Group Gordon’s David Kang shares tips for effective PR efforts for public health nonprofits.
Public health nonprofits work to promote health equity, advocating to ensure all individuals have equal access to health resources and providing essential services to communities around the world. For these organizations, being able to share their strategic messages to their served populations and other key audiences can have a profound impact on fulfilling core public health goals.
Below are three principles to ensure PR for public health nonprofits is responsive to breaking news and elevates the organization’s thought leadership.
In recent years, many public health issues have taken center stage in the national conversation. Before trying to weigh in on every public health issue, assess your nonprofit’s particular expertise. If your organization focuses on helping communities recover from natural disasters, it is not likely that your insights on abortion rights are the most relevant for journalists.
Instead, organizations should be proactively monitoring coverage on issues that can be tied to their work. Think ahead of time about how to differentiate your nonprofit from peer voices and offer a truly unique perspective to reporters. Can your organization offer internal data, compelling client stories, or another value-add to reporters? Can your spokespeople speak to the impact of the news on their served populations or the broader industry? By staying on top of current stories and anticipating future trends, your nonprofit can be well-positioned to establish its presence in the right conversations.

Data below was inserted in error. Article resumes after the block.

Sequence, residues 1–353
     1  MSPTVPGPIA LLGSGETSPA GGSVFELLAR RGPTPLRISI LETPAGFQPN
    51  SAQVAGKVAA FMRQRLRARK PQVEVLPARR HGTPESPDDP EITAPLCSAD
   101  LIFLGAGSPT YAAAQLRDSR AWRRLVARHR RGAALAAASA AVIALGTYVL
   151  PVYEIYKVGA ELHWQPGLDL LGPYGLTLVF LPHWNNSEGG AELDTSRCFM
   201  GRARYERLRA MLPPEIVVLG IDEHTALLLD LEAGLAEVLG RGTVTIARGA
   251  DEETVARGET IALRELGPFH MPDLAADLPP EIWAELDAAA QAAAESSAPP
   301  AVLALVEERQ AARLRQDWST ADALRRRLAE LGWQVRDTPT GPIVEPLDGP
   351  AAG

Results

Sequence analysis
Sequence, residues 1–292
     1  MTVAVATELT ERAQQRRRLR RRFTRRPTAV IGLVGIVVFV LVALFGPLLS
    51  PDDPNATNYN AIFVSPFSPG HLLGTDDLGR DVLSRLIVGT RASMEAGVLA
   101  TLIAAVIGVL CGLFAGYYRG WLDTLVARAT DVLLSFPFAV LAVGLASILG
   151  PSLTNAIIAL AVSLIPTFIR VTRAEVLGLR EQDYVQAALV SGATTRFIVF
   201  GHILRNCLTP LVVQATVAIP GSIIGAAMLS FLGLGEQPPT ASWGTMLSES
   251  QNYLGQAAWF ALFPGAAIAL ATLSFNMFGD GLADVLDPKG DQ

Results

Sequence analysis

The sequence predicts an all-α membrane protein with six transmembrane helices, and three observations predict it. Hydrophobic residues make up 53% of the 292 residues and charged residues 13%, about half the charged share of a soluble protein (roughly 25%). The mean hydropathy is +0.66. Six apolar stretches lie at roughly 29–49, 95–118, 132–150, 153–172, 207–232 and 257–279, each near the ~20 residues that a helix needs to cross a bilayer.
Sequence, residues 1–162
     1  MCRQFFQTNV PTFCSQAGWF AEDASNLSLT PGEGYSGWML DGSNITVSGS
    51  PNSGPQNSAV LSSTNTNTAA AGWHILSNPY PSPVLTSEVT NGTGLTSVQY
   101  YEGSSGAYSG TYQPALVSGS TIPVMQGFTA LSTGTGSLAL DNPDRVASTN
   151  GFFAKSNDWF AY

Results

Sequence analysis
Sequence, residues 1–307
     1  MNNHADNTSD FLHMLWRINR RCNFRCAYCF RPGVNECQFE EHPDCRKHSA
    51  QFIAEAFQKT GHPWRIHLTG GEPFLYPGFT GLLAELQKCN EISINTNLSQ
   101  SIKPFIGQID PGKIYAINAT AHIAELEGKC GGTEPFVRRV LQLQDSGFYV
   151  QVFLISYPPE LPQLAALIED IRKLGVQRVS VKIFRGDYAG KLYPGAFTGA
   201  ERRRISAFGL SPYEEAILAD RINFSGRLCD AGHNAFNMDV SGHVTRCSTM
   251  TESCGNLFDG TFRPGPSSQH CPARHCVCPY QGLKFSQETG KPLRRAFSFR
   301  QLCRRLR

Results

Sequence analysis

When a news story breaks, reporters will be racing to meet article deadlines and their inbox will be flooded with interview requests. This is not the time to scramble to identify someone who can speak to a topic. To establish your public health nonprofit’s slate of go-to experts, hold internal discussions in advance to identify each spokesperson’s topic of experience. For example, do you have spokespeople who can speak to the impact of a new federal policy? Is there someone who works with clients and can share compelling stories? Let your spokespeople know they may be asked to weigh in on news relevant to their expertise and prepare them for what to expect if they are called upon. By having a bench of spokespeople ready to go, you can save valuable time for the reporter and improve your chances of successful coverage.
For any announcement related to public health, effective PR for public health nonprofits requires quick communications with media and other key audiences. If it was an anticipated story, your organization should have statements for clients, donors, and other audiences already reviewed and approved for release. If the story could not be anticipated, make sure your organization has an internal process set in place to avoid any delays to sharing your strategic message. At this time, you should also confirm the media availability of your chosen spokesperson and ensure they are aligned with the organization’s messaging goals. By recognizing the importance of acting quickly, you can help your public health nonprofit share and amplify its strategic message in a timely manner.
Successful PR for public health nonprofits means being prepared for the breaking news cycle and having in place processes for timely media opportunities.